Looking At Ruth And Seeing God

This week we continue our sermon series called Great Is Thy Faithfulness by looking at the character of God revealed to us in the life and actions of widowed pagan foreigner by the name of Ruth. We looked at Ruth in our sermon and our auditorium Bible class back on July 14th. But I think it’s a point that is important enough for us to look at again. But before we look at Ruth, let’s begin by looking at God.

The LORD passed before him, and proclaimed, “The LORD, the LORD, a God merciful and gracious, slow to anger, and abounding in steadfast love and faithfulness, keeping steadfast love for the thousandth generation, forgiving iniquity and transgression and sin, yet by no means clearing the guilty, but visiting the iniquity of the parents upon the children and the children’s children, to the third and the fourth generation.”

Exodus 34:6-7 NRSV

The phrase steadfast love is the Hebrew word hesed. It’s how God introduces himself to Moses. It’s the very character of God and can be described as a “joy, peace, patience, kindness, goodness, faithfulness, gentleness, self-control” kind of love. When Moses is reminding the people of God’s covenant with them in Deuteronomy 7, he once again reminds the people that they serve “the faithful God who maintains covenant loyalty with those who love him and keep his commandments…” (Deut. 7:9 NRSV) Again…hesed.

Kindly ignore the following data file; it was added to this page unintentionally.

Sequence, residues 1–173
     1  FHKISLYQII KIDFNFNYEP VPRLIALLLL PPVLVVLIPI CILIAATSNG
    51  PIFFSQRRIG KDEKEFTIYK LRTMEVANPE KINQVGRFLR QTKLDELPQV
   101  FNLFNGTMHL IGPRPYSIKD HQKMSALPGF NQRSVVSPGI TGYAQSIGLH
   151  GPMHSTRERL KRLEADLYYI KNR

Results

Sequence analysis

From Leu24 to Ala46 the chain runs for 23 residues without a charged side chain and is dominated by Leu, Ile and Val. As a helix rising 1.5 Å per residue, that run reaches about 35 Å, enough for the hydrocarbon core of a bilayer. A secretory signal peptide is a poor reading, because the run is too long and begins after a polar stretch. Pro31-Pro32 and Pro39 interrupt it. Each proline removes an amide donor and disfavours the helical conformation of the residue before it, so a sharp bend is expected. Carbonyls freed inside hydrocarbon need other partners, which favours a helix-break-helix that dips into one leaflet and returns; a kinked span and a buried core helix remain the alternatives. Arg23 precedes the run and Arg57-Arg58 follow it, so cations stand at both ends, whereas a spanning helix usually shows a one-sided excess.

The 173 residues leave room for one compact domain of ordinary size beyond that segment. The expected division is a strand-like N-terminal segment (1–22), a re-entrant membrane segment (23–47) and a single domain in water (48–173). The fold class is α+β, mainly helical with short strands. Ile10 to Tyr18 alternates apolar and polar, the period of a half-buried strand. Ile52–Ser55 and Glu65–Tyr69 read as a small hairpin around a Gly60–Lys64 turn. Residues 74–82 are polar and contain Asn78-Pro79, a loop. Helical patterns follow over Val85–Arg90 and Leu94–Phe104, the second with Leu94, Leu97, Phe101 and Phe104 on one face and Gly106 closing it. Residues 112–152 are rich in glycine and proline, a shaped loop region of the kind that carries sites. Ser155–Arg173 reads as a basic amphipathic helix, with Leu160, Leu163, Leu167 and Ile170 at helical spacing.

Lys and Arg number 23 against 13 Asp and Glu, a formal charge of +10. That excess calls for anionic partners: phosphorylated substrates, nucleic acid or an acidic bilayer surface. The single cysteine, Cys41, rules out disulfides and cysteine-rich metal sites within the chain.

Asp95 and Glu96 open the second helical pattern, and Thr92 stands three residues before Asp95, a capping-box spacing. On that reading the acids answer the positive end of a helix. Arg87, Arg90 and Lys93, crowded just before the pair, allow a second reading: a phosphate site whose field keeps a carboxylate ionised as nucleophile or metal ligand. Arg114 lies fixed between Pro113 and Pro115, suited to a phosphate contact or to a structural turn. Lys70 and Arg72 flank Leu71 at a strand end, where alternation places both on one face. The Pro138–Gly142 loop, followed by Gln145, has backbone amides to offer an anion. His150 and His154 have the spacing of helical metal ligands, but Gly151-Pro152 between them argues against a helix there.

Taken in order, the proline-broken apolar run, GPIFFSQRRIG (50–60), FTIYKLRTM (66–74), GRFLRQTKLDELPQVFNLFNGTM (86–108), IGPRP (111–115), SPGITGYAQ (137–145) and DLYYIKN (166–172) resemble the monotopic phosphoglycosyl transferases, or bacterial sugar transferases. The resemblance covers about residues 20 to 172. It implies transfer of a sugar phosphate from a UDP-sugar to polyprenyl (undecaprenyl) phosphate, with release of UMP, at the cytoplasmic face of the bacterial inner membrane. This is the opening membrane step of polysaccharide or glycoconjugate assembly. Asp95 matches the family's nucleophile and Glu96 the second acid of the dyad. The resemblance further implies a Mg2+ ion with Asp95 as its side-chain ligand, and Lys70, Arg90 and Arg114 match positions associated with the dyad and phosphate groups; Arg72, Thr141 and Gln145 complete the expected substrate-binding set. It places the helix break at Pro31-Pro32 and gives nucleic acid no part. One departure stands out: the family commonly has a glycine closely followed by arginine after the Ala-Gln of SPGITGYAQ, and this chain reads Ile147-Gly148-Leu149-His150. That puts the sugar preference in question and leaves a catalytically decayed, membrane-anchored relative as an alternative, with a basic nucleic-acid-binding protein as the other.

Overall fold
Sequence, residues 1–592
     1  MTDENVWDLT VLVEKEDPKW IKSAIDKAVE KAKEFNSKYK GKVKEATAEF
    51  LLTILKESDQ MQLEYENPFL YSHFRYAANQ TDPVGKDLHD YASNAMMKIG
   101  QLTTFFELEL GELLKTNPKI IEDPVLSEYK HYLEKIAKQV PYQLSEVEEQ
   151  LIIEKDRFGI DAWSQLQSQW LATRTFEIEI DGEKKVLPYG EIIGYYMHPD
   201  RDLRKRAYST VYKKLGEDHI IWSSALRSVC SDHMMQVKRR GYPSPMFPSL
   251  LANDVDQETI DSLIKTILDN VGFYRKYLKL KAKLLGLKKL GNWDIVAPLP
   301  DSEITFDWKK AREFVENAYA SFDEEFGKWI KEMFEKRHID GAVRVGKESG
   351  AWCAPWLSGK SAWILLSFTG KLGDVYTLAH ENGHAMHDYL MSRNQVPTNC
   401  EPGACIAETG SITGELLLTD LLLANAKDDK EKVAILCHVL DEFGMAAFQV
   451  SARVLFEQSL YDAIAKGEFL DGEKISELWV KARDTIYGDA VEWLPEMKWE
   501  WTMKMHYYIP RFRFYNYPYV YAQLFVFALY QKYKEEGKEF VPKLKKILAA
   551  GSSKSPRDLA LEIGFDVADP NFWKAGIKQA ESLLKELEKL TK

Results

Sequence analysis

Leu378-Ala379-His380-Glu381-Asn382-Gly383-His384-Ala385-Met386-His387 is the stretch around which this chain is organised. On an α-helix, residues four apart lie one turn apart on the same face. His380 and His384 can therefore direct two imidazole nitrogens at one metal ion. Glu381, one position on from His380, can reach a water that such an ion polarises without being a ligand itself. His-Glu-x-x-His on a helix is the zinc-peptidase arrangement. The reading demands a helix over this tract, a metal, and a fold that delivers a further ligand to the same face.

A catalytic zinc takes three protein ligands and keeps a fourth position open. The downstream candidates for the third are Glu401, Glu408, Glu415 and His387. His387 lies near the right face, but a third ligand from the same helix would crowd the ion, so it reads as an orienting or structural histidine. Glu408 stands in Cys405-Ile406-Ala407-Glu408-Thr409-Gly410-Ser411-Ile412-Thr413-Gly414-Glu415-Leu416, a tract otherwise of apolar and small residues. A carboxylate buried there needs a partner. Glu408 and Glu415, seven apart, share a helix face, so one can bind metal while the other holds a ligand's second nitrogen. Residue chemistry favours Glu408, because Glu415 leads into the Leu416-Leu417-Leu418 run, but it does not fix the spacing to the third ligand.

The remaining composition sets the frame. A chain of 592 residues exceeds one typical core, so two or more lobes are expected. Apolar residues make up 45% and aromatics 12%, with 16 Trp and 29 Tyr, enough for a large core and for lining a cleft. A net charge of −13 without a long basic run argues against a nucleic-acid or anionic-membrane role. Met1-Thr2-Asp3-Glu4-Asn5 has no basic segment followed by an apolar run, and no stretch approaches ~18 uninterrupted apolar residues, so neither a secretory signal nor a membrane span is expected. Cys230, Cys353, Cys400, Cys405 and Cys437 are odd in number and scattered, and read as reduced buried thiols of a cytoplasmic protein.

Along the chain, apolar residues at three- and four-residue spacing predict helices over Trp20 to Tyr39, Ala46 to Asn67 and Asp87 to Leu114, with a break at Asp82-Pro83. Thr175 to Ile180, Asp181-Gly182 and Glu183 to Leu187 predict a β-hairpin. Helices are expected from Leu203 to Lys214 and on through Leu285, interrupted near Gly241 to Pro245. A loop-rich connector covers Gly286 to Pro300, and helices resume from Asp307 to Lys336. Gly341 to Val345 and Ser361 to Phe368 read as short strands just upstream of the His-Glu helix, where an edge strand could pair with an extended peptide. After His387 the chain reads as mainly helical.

Now to the story of Ruth. Naomi has lost her husband, and her sons. She is going to return back from the land of Moab to Bethlehem in Judah to live out her days. She bids farewell to her two daughters-in-law (somewhat successfully) by saying “Go back, each of you, to your mother’s home. May the LORD show you kindness, as you have shown kindness to your dead husbands and to me.”  (Ruth 1:8 NIV)

Hopefully the bold words have tipped you off. The Hebrew word there is hesed. Notice that Ruth and Orpah are commended for showing hesed to Naomi and their husbands. Naomi is blessing them by asking Yahweh to do hesed to them as they have already done hesed to her and her sons.

This would be shocking to the original Israelite readers of this short story. The characters that most embody the character traits of Yahweh are not Israelites, nor faithful worshipers of Yahweh, nor wealthy, nor are they males. They are Moabite widowed women. Orpah quickly exits the narrative and we hear from her no more, but Ruth continues to be an example of Yahweh’s hesed through her relationship with Naomi.

Many different applications can be made here. But for now I want us to consider this one point. As we were reminded by the Deuteronomy 7 passage above, a clear example of God’s faithfulness is his hesed. To quote Bobby Valentine, “[Hesed] is the vertical and horizontal dimensions of the ’Jesus Creed.’” We discussed that last week. Sometimes God’s hesed is brought to us through our neighbor’s actions and faithfulness toward us and others. And we too are called to bring that hesed to others through our actions and relationships. 

When we look at the faithfulness Ruth shows Naomi, we begin to see a glimpse of the faithfulness of our God. To quote Jesus, “Go and do likewise.” (Lk. 10:37)

Divorce is Not the Unforgivable Sin – Mark 10:1-12